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1

Probabilistic analysis of mean-response along-wind induced vibrations on wind turbine towers using wireless network data sensors  

Microsoft Academic Search

Wind turbine systems are attracting considerable attention due to concerns regarding global energy consumption as well as sustainability. Advances in wind turbine technology promote the tendency to improve efficiency in the structure that support and produce this renewable power source, tending toward more slender and larger towers, larger gear boxes, and larger, lighter blades. The structural design optimization process must

Antonio Velazquez; Raymond A. Swartz

2011-01-01

2

Towers for Offshore Wind Turbines  

NASA Astrophysics Data System (ADS)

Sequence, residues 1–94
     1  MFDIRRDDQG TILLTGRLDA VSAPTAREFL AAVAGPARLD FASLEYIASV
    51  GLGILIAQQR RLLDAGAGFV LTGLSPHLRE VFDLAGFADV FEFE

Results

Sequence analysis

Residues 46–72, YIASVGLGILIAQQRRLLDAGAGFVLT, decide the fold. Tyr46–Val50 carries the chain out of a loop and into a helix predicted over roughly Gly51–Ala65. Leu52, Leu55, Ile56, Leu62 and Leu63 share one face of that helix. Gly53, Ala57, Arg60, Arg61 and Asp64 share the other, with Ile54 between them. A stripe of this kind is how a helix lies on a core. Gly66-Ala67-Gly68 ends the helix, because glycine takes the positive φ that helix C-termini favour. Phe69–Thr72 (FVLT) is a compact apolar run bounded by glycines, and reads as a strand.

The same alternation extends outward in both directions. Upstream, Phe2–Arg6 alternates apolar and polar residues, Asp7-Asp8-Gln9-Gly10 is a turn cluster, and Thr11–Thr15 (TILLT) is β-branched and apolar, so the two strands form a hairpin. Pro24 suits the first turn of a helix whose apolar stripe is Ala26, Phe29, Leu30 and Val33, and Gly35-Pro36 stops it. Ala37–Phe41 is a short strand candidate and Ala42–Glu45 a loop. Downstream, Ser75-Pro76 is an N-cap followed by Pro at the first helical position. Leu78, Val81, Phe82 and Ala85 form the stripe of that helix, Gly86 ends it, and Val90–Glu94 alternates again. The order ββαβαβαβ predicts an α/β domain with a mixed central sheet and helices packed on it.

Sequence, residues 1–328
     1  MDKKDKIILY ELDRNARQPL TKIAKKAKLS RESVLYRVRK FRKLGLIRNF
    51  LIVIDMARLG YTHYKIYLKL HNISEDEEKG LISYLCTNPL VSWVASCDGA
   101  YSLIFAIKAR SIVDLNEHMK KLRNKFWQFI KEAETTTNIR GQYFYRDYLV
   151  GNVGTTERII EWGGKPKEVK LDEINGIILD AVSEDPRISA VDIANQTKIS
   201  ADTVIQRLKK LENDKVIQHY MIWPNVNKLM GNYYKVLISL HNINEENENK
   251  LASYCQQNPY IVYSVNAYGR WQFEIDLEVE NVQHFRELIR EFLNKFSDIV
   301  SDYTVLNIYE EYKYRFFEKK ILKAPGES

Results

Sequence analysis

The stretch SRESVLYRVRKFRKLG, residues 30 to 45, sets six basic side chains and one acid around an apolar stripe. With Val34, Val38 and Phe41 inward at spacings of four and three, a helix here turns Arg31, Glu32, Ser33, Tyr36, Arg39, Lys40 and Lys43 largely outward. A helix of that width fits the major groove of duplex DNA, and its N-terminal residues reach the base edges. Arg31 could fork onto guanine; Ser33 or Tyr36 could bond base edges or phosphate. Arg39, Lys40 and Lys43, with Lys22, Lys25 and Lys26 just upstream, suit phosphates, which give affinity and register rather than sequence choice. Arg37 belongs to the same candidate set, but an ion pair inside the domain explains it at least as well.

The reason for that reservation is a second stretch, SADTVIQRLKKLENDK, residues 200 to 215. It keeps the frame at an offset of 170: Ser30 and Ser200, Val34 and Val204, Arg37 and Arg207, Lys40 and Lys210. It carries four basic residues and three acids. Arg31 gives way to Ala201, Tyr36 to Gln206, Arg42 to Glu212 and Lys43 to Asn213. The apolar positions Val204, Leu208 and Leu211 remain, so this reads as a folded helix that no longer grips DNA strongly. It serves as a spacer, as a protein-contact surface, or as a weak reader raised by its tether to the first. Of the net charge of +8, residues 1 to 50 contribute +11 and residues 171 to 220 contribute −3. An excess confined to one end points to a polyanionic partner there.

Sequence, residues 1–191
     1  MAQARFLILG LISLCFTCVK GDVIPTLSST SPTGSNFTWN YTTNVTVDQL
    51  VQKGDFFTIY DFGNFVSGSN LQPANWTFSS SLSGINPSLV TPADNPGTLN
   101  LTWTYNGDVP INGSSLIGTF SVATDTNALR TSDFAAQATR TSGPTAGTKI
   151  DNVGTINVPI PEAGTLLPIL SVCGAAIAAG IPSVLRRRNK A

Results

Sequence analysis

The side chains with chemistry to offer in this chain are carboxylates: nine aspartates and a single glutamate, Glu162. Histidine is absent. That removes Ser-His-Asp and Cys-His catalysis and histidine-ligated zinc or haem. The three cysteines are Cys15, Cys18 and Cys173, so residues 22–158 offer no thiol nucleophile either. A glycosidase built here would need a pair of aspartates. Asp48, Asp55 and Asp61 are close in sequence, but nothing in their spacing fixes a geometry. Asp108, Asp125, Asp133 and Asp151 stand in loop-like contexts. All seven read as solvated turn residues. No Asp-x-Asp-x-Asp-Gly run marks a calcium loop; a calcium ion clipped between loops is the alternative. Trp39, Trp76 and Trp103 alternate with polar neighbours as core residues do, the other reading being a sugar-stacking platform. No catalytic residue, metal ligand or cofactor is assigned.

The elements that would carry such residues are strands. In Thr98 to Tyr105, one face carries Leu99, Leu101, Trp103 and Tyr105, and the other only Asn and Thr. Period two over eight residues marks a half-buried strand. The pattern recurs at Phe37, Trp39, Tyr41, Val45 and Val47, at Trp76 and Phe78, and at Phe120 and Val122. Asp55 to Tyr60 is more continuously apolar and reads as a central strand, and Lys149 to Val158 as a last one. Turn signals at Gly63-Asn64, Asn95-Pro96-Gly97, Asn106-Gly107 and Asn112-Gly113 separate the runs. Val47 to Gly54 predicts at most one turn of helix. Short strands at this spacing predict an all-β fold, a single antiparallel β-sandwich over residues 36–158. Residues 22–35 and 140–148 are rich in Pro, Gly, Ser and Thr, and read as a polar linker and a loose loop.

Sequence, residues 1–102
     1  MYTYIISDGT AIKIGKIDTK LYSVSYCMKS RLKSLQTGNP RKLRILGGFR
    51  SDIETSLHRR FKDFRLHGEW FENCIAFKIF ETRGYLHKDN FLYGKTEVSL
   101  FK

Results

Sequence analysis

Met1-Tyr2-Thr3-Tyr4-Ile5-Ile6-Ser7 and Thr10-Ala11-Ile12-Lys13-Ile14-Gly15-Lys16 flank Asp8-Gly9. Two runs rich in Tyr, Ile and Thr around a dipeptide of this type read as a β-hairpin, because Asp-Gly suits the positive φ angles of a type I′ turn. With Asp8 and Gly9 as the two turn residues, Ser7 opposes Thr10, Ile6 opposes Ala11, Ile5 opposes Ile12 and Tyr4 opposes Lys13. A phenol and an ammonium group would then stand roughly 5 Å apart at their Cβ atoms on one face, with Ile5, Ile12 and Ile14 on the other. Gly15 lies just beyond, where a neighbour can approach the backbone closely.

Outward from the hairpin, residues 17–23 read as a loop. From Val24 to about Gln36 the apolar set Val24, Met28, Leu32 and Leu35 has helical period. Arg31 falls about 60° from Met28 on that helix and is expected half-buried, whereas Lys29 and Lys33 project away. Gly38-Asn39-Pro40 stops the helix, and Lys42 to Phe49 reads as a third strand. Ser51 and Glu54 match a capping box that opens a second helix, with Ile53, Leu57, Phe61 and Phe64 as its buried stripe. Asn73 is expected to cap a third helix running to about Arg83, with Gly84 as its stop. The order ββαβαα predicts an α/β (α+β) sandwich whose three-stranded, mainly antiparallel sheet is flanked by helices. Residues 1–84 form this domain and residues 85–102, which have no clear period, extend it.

Increasing energy demand coupled with pollution free production of energy has found a viable solution in wind energy. Land based windmills have been utilized for power generation for more than two thousand years. In modern times wind generated power has become popular in many countries. Offshore wind turbines are being used in a number of countries to tap the energy from wind over the oceans and convert to electric energy. The advantages of offshore wind turbines as compared to land are that offshore winds flow at higher speed than onshore winds and the more available space. In some land based settings, for better efficiency, turbines are separated as much as 10 rotor diameters from each other. In offshore applications where only two wind directions are likely to predominate, the distances between the turbines arranged in a line can be shortened to as little as two or four rotor diameters. Today, more than a dozen offshore European wind facilities with turbine ratings of 450 kw to 3.6 MW exist offshore in very shallow waters of 5 to 12 m. Compared to onshore wind turbines, offshore wind turbines are bigger and the tower height in offshore are in the range of 60 to 80 m. The water depths in oceans where offshore turbines can be located are within 30 m. However as the distance from land increases, the costs of building and maintaining the turbines and transmitting the power back to shore also increase sharply. The objective of this paper is to review the parameters of design for the maximum efficiency of offshore wind turbines and to develop types offshore towers to support the wind turbines. The methodology of design of offshore towers to support the wind turbine would be given and the environmental loads for the design of the towers would be calculated for specific cases. The marine corrosion on the towers and the methods to control the corrosion also would be briefly presented. As the wind speeds tend to increase with distance from the shore, turbines build father offshore will be able to capture more wind energy. Currently two types of towers are considered. Cylindrical tubular structures and truss type structures. But truss type structures have less weight and flexibility in design. The construction of the offshore towers to harness the wind energy is also presented. The results will include the calculation of wind and wave forces on the tower and the design details for the tower.